To test whether climatic space occupied by S. canadensis differed significantly between the invaded and native ranges, we calculated the kernel-smoothed density of occurrence of the two ranges based on the density of the different combinations of climatic conditions available to each range (Broennimann et al. 2012). The overlap between the climatic envelope of the two ranges was estimated with the Schoener’s D metric, which ranges from 0 (no envelope overlap) to 1 (identical envelopes) (Schoener 1968). We then tested for envelope equivalency and the less restrictive hypothesis of envelope similarity (comparing the observed values of envelope overlap to the 95th percentile density of the simulated values) (Warren et al. 2008, who used did not use ordination but species distribution model techniques). To achieve this, the D value between the two ranges were compared to a null distribution of D values computed between simulated envelopes built through randomization procedures (10,000 randomly selected ‘background’ points generated 100 times). This was computed with the R package ‘ecospat’ (Di Cola et al. 2017). As a D value does not allow a determination of whether an absence of envelope overlap results from the lack of overlap for one or two PCA axes, we used the function ‘niceOverPlot’ implemented in R for easier interpretation. To test whether S. canadensis inhabited a wider range of climatic conditions in its invaded range than in the native range, we performed an F-test of equality of variances (homoscedasticity) along the two PCA axes. We also used the same method to compare the climatic zones occupied by diploid and hexaploid populations of S. canadensis in its native range. Finally, we compared D values and envelope equivalencies and similarities between the following groups of S. canadensis populations: 1) North American versus Chinese populations that we had sampled in the field and with the same ploidy level, 2) North American versus Chinese populations that we had sampled in the field and without controlling for variation in ploidy level, 3) a global data set (i.e. the 80 populations that we had sampled in the field and GBIF records) of North America and Mexico grouped together versus China, and 4) a global data set of North America and Mexico grouped together versus all occurrence records in Australia, New Zealand, Japan, and China. Comparisons 1 and 2 tested the potential effect of variation in ploidy, while comparisons 3 and 4 tested whether our sampling was representative of the invaded and native ranges. For comparisons 3 and 4, it was not possible to control for variation in ploidy level because information on ploidy level was missing in the GBIF database.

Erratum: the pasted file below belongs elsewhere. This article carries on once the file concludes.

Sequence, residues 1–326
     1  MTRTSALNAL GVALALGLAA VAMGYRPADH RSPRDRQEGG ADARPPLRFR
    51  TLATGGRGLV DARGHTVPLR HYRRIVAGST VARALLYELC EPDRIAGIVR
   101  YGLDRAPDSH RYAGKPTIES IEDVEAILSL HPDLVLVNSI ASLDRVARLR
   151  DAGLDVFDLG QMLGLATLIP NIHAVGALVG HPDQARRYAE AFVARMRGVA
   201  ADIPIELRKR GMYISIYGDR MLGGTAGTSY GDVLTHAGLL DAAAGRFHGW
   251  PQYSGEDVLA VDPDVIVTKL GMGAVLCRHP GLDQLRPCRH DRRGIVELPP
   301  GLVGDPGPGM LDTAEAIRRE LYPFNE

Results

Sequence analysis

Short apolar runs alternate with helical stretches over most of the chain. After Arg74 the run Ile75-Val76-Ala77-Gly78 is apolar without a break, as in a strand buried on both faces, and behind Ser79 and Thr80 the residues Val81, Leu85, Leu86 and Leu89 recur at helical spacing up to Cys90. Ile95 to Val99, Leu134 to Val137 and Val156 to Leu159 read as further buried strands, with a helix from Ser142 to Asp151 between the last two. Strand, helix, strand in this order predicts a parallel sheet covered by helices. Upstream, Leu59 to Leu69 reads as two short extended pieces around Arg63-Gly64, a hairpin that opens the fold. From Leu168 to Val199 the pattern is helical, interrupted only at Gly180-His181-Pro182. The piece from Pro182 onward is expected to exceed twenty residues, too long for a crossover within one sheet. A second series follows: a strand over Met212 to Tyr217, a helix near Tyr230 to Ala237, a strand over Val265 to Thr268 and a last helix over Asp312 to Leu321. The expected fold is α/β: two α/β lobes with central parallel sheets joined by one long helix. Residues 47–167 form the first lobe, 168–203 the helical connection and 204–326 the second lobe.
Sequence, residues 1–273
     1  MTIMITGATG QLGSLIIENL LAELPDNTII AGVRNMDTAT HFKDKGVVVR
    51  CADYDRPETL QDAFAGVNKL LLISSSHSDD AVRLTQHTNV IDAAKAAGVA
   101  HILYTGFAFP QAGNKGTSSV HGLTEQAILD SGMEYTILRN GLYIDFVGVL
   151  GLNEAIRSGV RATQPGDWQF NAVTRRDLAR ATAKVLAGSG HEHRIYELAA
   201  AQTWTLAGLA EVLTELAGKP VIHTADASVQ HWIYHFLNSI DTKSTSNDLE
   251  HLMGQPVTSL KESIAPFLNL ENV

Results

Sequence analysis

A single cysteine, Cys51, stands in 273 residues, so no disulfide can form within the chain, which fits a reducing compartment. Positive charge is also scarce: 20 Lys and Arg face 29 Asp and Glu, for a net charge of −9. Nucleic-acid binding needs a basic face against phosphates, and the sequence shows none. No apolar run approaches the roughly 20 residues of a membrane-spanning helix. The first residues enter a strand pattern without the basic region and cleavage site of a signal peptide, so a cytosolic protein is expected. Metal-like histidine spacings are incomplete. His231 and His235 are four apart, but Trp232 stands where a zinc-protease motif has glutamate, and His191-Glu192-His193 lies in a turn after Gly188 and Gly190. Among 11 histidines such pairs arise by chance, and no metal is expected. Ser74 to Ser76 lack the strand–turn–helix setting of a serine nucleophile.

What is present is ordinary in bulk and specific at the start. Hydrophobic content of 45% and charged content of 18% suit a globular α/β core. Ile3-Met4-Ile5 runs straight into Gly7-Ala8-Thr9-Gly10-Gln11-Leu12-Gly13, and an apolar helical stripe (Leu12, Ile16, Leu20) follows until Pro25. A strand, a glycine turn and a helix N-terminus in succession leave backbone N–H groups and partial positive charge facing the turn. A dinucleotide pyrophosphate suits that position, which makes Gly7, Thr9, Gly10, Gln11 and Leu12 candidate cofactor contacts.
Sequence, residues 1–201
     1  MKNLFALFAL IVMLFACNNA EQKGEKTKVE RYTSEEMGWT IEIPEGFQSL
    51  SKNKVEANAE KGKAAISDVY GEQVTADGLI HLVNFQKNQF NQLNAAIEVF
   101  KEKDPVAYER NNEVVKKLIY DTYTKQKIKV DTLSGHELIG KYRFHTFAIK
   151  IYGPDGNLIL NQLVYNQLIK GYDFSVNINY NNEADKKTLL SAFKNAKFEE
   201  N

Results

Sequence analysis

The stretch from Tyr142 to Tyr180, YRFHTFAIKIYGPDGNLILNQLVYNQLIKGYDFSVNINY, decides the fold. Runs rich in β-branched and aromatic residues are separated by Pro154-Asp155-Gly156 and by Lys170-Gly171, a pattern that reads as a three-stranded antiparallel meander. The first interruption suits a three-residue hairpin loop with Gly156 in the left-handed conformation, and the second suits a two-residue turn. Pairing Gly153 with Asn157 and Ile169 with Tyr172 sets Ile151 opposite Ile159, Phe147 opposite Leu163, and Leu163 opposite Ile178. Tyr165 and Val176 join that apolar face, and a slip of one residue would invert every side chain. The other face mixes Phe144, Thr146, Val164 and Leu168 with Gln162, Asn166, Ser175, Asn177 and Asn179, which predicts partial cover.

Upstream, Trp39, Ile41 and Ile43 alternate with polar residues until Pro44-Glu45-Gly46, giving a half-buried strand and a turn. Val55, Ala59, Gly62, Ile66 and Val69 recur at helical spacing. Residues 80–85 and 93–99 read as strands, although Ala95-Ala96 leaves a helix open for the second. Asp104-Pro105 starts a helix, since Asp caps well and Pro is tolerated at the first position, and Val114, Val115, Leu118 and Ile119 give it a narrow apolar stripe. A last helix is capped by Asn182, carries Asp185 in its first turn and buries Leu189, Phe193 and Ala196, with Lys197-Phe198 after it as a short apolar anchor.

Funding

Ten Thousand Talent Program of Zhejiang Province, Award: 2019

National Key Research and Development Program, Award: 2016YFC1201100

National Natural Science Foundation of China, Award: 31270461

Ten Thousand Talent Program of Zhejiang Province, Award: 2019

National Key Research and Development Program, Award: 2016YFC1201100